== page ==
This analysis, along with the assessment of OECD’s work on green growth allowed for the development of several key findings and recommendations. First, direct pricing of environmentally harmful activity is indispensable to green growth, but political opposition remains a challenge. To respond to this opposition, more effort is required to tackle the social challenges of reform (e.g., labour market and household impacts). In addition, where constituencies are strongly against tax increases or shifts, governments may need to consider policy mechanisms other than direct pricing.
Misalignments in government policy are also acting as a major hurdle to meaningful reform. Two prominent examples are that governments spend roughly $640 billion per year on environmentally-harmful fossil fuel subsidies and that diesel fuel is taxed at a lower rate than gasoline in 33 out of 34 OECD countries – despite the fact that diesel emits higher levels of harmful local air pollutants and CO2.
The analysis of the mainstreaming process for green growth at the OECD showed that it is proceeding rapidly, but unevenly. Around 70% of OECD country policy surveillance documents contain green growth recommendations. This accomplishment is in part driven by the OECD’s Economic Surveys, where over 80% include green growth recommendations. The elements driving this successful mainstreaming include: high-level leadership and clear accountabilities; formal structures for collaboration; clear articulation of how green growth links to other policy priorities; and dedicated human resources. Nevertheless, more work is needed to better integrate green growth into the OECD’s work on investment and innovation. The forthcoming Green Growth and Sustainable Development Forum on Systems Innovation for Green Growth is one mechanism that can be used to advance work in this important area.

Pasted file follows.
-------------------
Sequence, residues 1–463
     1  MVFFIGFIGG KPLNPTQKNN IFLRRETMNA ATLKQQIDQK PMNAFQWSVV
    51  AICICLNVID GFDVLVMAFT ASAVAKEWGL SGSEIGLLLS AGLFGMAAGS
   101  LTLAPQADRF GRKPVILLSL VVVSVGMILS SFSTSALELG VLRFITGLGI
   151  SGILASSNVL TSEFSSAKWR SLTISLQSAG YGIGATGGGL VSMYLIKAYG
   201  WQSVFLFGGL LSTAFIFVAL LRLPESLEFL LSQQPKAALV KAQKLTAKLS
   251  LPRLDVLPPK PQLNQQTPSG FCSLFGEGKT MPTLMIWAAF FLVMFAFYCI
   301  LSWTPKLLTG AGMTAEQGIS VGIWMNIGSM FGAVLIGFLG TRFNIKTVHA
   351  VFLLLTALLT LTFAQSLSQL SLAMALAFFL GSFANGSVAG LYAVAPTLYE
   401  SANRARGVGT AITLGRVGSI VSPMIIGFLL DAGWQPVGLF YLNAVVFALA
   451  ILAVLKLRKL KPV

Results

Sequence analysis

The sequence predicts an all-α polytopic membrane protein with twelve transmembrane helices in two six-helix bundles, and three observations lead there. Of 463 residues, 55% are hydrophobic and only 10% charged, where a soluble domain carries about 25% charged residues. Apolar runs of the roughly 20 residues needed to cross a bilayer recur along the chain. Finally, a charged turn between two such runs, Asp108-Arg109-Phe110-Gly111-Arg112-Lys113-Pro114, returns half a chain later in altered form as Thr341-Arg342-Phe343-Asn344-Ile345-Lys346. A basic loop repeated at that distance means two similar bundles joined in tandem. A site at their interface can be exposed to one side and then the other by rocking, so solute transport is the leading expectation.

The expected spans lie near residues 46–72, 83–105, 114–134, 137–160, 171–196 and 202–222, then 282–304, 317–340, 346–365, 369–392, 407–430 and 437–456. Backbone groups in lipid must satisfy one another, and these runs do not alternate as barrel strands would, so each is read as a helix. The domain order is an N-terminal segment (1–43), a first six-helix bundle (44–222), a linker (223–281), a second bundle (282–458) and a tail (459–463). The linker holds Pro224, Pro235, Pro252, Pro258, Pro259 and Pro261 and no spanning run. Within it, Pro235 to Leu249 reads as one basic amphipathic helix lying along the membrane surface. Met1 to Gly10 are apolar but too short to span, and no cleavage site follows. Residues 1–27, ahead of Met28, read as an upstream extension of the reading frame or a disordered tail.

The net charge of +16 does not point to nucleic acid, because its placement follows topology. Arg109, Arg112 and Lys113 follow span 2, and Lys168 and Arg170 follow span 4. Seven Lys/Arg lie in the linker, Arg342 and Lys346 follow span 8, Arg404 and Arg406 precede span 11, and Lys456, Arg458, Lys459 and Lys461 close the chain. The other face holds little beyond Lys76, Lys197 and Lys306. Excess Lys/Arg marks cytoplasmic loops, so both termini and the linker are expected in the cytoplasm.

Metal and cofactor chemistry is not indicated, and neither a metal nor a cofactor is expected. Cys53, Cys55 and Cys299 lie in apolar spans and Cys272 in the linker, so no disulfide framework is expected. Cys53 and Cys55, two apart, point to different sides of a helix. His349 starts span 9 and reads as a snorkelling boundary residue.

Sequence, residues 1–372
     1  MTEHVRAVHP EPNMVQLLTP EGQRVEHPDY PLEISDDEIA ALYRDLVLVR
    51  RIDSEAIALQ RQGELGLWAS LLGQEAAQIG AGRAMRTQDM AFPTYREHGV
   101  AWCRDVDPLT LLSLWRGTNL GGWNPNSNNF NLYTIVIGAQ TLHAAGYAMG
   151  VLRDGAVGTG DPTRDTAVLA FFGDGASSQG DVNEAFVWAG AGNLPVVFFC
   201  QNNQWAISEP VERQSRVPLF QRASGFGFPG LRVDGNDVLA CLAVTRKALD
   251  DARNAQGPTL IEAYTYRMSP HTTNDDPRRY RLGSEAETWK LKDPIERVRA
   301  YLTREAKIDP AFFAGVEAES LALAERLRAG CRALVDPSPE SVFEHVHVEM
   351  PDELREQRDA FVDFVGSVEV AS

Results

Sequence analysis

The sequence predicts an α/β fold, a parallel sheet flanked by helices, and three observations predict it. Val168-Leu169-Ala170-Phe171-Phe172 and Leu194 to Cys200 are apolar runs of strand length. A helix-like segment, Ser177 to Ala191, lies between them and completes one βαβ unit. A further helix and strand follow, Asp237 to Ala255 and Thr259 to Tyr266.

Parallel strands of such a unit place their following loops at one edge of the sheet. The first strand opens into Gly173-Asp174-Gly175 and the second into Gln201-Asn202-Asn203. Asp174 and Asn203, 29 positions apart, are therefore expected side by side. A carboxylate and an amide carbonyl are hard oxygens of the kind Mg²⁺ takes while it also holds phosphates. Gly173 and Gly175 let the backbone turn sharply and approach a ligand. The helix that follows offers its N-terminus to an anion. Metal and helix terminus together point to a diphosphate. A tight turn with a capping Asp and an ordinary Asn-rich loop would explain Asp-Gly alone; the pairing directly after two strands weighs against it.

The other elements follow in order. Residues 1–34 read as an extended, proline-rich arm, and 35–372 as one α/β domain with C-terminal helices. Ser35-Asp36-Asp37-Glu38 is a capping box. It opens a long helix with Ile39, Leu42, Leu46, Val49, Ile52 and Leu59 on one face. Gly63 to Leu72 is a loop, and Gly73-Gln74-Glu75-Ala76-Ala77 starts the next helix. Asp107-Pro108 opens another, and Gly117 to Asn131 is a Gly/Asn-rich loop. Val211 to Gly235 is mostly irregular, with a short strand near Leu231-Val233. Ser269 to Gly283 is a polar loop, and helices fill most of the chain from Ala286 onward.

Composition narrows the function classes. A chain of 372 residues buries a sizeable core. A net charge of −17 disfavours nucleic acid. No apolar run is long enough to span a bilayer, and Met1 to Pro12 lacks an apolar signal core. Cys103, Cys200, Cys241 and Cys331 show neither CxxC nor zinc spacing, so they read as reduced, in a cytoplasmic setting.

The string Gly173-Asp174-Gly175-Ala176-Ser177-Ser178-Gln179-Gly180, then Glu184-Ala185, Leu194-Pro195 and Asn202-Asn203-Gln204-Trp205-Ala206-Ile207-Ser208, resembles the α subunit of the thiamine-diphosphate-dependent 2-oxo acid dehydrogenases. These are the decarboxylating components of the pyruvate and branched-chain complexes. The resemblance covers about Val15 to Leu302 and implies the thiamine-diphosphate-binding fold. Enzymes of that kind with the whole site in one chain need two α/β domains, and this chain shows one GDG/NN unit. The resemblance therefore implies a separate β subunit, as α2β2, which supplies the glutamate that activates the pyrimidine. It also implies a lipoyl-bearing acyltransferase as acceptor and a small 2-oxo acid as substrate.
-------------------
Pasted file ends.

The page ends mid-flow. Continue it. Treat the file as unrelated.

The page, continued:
To ensure that the OECD’s green growth strategy remains relevant, the report also outlines a series of improvements. These are intended to modernise the strategy and outline work priorities for governments, the OECD and others. These include enhancing the understanding of complementarities and trade-offs between economic and environmental goals; enhancing public trust in green growth by addressing the social impacts of reform; and ensuring that policies are coherent and aligned within and across sectors. Further developing and considering the ocean economy and mining in gearing sectoral policies for green growth. Lastly, using green growth indicators to raise awareness, measure progress and identify opportunities and risks as well as factoring in the challenges and opportunities that green growth represents for developing and emerging economies.